2003, Feb 11; 11:36
  • L'Ennui aka Noia aka Boredom (1960) - Alberto Moravia [1 book, Amazon US]
    The novels that the great Italian writer Al berto Moravia produced in the years following the World War II represent an extraordinary survey of the range of human behavior in a fragmented modern society. Boredom, the story of a failed artist and pampered son of a rich family who becomes dangerously attached to a young model, examines the complex relations between money, sex, an d imperiled masculinity. This powerful and disturbing study in the pathology of mode rn life is one of the ... Amazon editorial [this was released as a movie in 1998] [...]
    2003, Feb 10; 17:31
  • S.T.R.E.E.T. D.A.D. (2002) - Out Hud [1 CD, Amazon US]
    S.T.R.E.E.T. D.A.D. is a joyous celebration of the place where rock and dance subcultures meet. Like Stereolab and Labradford before them, this Brooklyn-via-San-Francisco group has the good sense to steal from relatively obscure sources (so that the young ones who don't know any better will think they're "original"). More important, they take those influences--ESG, Liquid Liquid, and Pell Mell among them--and do interesting, inventive stuff with what they've found (so that geezer hipsters are pleased). Out Hud is the very best of a wave of acts that spent 2002 partying like it was 1981. They take a Mudd Club-like cross-cultural approach, weaving funk, disco, and new wave with a harder, more experimental post-punk vibe. It's New Order meets Durutti Column, and you're even more liable to like it if that reference means nothing to you. --Mike McGonigal for amazon.com [...]
    2003, Feb 10; 13:59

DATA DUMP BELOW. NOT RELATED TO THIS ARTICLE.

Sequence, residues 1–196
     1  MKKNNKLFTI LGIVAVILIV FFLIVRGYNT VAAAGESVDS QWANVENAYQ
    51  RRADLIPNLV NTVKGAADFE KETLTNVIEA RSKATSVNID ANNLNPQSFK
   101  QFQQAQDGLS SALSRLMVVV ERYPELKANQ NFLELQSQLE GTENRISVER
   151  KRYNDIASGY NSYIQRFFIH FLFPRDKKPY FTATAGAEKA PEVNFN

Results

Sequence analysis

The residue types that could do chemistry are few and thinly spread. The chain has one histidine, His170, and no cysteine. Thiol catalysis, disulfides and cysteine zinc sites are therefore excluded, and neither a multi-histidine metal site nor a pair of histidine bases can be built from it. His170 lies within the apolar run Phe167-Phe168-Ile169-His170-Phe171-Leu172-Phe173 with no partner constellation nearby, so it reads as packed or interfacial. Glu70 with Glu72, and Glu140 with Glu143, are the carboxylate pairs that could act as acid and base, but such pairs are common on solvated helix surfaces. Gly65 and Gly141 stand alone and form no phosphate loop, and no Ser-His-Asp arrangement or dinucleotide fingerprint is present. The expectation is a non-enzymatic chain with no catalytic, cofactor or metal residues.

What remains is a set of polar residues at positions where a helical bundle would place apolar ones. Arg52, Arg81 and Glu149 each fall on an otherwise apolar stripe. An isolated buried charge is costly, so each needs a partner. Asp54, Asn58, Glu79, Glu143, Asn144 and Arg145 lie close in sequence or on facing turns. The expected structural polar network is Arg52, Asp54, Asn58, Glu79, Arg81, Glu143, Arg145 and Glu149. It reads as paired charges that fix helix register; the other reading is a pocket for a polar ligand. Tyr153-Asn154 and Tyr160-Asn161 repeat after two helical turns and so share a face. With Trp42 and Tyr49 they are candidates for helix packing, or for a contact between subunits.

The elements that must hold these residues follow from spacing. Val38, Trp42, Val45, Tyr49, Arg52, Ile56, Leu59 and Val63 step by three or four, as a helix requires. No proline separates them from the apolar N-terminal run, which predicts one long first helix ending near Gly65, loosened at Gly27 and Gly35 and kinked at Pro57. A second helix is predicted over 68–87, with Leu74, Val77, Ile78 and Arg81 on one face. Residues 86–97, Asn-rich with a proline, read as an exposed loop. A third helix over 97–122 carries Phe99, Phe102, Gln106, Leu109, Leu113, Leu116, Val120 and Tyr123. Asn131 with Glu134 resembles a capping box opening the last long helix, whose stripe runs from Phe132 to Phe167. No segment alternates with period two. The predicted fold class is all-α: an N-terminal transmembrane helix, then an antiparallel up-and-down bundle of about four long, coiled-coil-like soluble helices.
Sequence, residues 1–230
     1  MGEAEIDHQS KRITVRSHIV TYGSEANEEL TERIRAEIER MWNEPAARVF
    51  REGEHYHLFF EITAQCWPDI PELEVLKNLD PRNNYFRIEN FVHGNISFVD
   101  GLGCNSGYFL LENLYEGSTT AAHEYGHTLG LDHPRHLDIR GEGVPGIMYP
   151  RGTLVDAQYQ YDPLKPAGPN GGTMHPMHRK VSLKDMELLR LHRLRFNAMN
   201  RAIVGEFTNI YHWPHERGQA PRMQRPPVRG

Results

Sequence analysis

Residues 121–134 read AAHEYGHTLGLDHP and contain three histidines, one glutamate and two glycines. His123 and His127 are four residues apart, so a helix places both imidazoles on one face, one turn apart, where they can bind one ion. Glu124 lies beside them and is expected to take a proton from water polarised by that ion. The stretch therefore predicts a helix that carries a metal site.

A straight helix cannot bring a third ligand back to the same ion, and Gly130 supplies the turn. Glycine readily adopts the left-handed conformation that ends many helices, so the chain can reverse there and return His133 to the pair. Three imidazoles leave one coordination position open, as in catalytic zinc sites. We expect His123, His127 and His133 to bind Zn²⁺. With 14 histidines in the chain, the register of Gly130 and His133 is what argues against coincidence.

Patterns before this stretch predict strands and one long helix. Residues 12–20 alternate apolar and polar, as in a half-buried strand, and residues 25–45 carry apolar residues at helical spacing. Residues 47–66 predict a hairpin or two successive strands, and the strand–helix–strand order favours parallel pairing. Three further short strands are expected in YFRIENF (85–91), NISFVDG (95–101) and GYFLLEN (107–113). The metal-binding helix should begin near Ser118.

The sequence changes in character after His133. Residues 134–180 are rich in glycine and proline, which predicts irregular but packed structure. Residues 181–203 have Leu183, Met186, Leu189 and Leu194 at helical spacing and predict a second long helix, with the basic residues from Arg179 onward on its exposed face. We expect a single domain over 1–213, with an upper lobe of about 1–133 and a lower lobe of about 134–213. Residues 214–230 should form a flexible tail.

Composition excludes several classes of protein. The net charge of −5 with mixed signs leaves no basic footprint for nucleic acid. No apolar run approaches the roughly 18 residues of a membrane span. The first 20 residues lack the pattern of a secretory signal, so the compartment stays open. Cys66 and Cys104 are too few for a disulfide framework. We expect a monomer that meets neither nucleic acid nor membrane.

• The Rough Guide to Drum 'n' Bass - Peter Shapiro [1 book, Amazon US]
    The Rough Guide to Drum 'n' Bass Music covers the breakbeat and its circulation through the world in genres such as Jungle, Hardcore Techno, Trip-Hop, and Big Beat. This pocket-sized but encyclopedic tome traces the innovators and apprentices, with hundreds of reviews and recommendations. Drum 'n' Bass is divided into two sections--one focusing on Jungle/Drum 'n' Bass/Hardcore and the other focusing on Trip-Hop and Big Beat--and comprises 200 entries organized in A-Z fashion. [...]
    2003, Feb 10; 11:31
  • Studio 54, Volume 1 (1998) - Various Artists [1 CD, Amazon US]
    1. Studio 54 - Fifty Four All-Stars 2. Keep on Dancin' - Gary's Gang 3. Boss - Diana Ross 4. Dance, Dance, Dance (Yowsah, Yowsah, Yowsah) - Chic 5. Vertigo/Relight My Fire - Dan Hartman 6. You Make Me Feel (Mighty Real) - Sylvester 7. Move on Up - Destination 8. Love Machine, Pt. 1 - The Miracles 9. Contact - Edwin Starr 10. Knock on Wood - Mary Griffin 11. Let's Start the Dance - Bohannon 12. I Got My Mind Made Up - Instant Funk 13. Young Hearts Run Free - Candi Staton 14. Native New Yorker - Odyssey 15. Que Sera Mi Vida - The Gibson Brothers 16. Wishing on a Star - Rose Royce
    As if the genre didn't have enough stigmas to transcend, countless nostalgic compilations have done disco additional disservice by reducing the canon to a handful of obvious tunes trotted out endlessly. Fortunately, by including lesser-known gems like the Gibson Brothers' "Que Sera Mi Vida" next to classics by Sylvester, Dan Hartman, and Chic, the music supervisors of 54 have assembled irrefutable proof that the late '70s weren't the musical wasteland those idiots who torched their Donna Summer LPs claimed. However, the producers apparently weren't entirely immune to the commercial leanings that undermined disco via overexposure; program your CD player to skip the annoying cut-and-paste medley "Studio 54" and Mary Griffin's updated "Knock on Wood," which pales next to Amii Stewart's chart-topping 1979 reading. --Kurt B. Reighley for amazon.com [for completists only, the Studio 54 was blahzay] [...]
    2003, Feb 10; 00:29
  • Looking for St. Tropez (1978) - Telex [1 CD, Amazon US]